Also... the tensions drawn in the answer are the same magnitude and direction, but actually they are opposite directions, because when you look at the string, since the pulleys are "negligible", you see that both point toward the center of the string, from different ends. So it makes sense to draw two tensions when you consider this as two systems, but you can also consider it one system, then there is no tension to take into account because it cancels out, and you have the overall acceleration equal m_1*g, or (m_2*g)/2, in the direction of the m_2 end of the string. But that doesn't answer the question since you have to draw two free body diagrams.
I'm just writing this so somebody could point out how wrong I am.
• Why did you say that tension is the same? Wouldn't it be the tension is different because there are different directions of acceleration? (That's what you said when you drew it on the blocks instead of the space provided for your answer)
• The tension is the same because it's the same string.
• The position of a bicycle is described by the following function:

x(t)=a−b⋅t+c⋅t2

with a=31 m, b=4 ms, c=1.1 ms2.

v(t1)= ? ,v(t2)= ?
Please show how you solve them in steps and what equation you use.. thank you
• To solve this you must be familiar with calculus. The rate of change of x is v hence differentiate the equation with respect to time.It should give you, -b +2c*t=v.Plug in the values of b and c and the time and voila! the answer.
(1 vote)

## Video transcript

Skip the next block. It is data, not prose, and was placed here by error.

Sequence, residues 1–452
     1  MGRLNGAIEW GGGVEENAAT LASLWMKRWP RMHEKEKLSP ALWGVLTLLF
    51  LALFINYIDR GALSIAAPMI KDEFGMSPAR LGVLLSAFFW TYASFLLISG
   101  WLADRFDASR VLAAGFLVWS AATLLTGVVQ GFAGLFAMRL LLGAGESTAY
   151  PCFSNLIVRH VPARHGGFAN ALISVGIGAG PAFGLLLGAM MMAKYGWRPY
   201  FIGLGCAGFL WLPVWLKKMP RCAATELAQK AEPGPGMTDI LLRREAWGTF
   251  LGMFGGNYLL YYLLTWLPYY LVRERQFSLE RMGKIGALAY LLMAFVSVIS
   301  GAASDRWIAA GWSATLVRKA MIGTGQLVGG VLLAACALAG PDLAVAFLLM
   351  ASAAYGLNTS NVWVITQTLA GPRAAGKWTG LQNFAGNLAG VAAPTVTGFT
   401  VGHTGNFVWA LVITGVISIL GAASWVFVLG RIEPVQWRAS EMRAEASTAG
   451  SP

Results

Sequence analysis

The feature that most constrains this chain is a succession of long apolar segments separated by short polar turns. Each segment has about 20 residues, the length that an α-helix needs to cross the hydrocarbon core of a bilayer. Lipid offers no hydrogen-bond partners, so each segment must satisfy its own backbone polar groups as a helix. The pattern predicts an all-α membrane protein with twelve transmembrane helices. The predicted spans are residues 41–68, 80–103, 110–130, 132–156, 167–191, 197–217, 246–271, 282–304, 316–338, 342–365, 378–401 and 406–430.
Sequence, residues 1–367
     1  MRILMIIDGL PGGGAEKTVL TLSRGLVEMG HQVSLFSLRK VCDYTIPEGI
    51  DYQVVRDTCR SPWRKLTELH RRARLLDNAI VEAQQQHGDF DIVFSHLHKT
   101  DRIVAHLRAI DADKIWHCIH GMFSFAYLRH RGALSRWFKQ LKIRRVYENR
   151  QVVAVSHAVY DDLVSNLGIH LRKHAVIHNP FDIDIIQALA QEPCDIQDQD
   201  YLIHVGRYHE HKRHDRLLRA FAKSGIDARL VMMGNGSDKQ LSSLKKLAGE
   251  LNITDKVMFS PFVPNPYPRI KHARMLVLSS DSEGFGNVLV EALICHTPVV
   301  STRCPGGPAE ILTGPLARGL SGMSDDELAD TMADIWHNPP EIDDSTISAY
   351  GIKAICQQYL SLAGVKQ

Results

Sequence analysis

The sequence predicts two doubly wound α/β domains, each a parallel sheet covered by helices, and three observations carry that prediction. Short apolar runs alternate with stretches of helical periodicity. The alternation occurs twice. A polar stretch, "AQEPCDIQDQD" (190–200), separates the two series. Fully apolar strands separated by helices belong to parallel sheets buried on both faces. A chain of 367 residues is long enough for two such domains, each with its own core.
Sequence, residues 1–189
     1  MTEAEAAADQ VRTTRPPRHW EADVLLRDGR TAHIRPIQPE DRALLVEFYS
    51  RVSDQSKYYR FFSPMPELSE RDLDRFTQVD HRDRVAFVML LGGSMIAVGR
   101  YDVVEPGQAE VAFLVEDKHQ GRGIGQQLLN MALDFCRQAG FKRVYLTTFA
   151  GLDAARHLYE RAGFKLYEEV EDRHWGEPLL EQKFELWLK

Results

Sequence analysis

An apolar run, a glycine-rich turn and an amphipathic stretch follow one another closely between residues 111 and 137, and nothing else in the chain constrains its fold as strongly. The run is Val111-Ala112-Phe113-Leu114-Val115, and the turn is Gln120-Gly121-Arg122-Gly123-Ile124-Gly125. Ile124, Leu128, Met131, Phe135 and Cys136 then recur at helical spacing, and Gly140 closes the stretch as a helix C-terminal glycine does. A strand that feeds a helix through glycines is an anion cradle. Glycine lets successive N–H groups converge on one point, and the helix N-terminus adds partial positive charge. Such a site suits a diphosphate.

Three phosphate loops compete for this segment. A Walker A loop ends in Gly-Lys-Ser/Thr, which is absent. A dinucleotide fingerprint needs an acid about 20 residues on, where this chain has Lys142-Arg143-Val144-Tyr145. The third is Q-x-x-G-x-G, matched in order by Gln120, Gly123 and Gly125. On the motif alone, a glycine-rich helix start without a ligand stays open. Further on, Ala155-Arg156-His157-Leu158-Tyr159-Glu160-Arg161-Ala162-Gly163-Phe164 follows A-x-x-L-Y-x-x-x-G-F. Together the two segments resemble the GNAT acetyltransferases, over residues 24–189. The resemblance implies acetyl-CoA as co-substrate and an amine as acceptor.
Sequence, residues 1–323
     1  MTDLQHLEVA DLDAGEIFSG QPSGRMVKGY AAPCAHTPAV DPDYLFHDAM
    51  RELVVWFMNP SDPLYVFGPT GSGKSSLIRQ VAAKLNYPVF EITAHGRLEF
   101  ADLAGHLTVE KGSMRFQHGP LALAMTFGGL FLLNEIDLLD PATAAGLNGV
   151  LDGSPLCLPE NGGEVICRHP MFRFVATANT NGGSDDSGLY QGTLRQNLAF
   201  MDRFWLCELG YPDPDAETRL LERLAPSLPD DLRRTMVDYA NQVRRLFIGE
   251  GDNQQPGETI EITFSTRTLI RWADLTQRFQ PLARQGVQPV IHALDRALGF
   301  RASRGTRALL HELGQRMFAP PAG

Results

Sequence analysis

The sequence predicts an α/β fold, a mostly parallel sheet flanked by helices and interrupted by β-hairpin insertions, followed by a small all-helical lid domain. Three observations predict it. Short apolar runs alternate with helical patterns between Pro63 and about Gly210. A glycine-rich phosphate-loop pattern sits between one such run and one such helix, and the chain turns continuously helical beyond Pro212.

- [Voiceover] Two blocks are connected by a string of negligible mass that passes over massless pulleys that turn with negligible friction, as shown in the figure above, we see that there. The mass m2 of block 2 is greater than the mass m1 of block 1. The blocks are released from rest. So let's just really quick think about what we think is going to happen here. Block 2 has a larger mass, they're connected by this string and pulley system here. Well if it has a larger mass, they're in the same gravitational field, it's going to have a larger weight and so the weight pulling down on block 2 is going to be larger than the weight pulling down on block 1 and so you're going to have block 2 accelerating downwards, you're going to have block 2 accelerating downwards and block 1 is going to accelerate upwards with the same magnitude. So block 1 is going to accelerate upwards and so with that just intuition of what we think is going to happen here let's try to tackle part A of this. So they tell us the dots below, these dots, represent the two blocks, so this represents block 1, this represents block 2. Draw free-body diagrams showing and labeling the forces, not components, exerted on each block. Draw the relative lengths of all vectors to reflect the relative magnitudes of all forces. Alright, so let's think about what are all the forces acting on each of these blocks. Well for each of these blocks you're going to have the force of gravity, you're going to have the weight of the blocks acting on them, so for example this first block m1, m1, and I'll draw it here first, what is the force of gravity going to be? The force of gravity is going to be its mass times the gravitational field. Now what is going to be the force of gravity on block 2? Well it's going to be larger than that so let me just draw it like this, so the force of gravity is going to be m2 times g, how did I know it was going to be larger? Well m2 has a larger mass and we are in the same gravitational field. Now we're not done there, no not done yet because now we also have the upward pulling force of the tension in the string and we could think about what the magnitude of that, we know that the, we know that the tension is going to be pulling upwards on both of the blocks but let's think about what its magnitude is going to be. In order for block 1 to accelerate upwards, which is in our intuition as to what would happen, the tension, the force of the tension has to be larger, the magnitude of the tension has to be larger than the magnitude of the weight. Now in order for block 2 to accelerate downwards the magnitude of the tension has to be less than the downward force of gravity, the upward force of tension has to be less than the downward force of gravity. So the magnitude of the tension is going to be inbetween the magnitudes of these two weights, so let me draw that. So the magnitude of the tension is going to be larger than m1g but smaller than m2g, so maybe like that, so that is tension right there and, whoops, and you're going to have on this side you're going to have the same magnitude of your tension pulling upwards but it's now less than the weight, which means that the block is going to accelerate downwards and we know that these two tensions, the magnitudes of these tension vectors are going to be the same because of the magnitude of the tension throughout this entire string is going to be the same. When you think about tension, this pulling force, you can think about what's happening at an atomic or a molecular level is these are the, you know the covalent bonds pulling on each other at an atomic level throughout the entire string and when we look at it on a macro level we view that as tension. So there you have it, I've drawn the forces on them but I haven't drawn them in the right place, I need to draw them on this, I need to draw them right over here. So let me draw that, I can actually draw a little bit more precisely because they gave us these lines. So on block 1 I have the weight so that is m1g, I also have the tension, I'll make that two of these lines tall, so I also have the tension. Now block 2 I have the same tension or same magnitude of tension I should say, now it's also pulling upwards, so tension, and I have its weight, which is going to be larger than the tension, so its weight, I'll make it three of these lines. The way I've drawn it m2 would have to be three times, m2 would have to be three times larger than m1 the way I've drawn it. They don't tell us that, they tell us that m2 is larger so this seems to be right. And we just want to get our intuition here since our tension, our upward force is larger than our downward force you're going to have a net upward force, which is going to accelerate block 1 up and here you're going to have a net downward force, which is going to accelerate block 2 down, which is in line with our intuition because block 2 weighs more than block 1.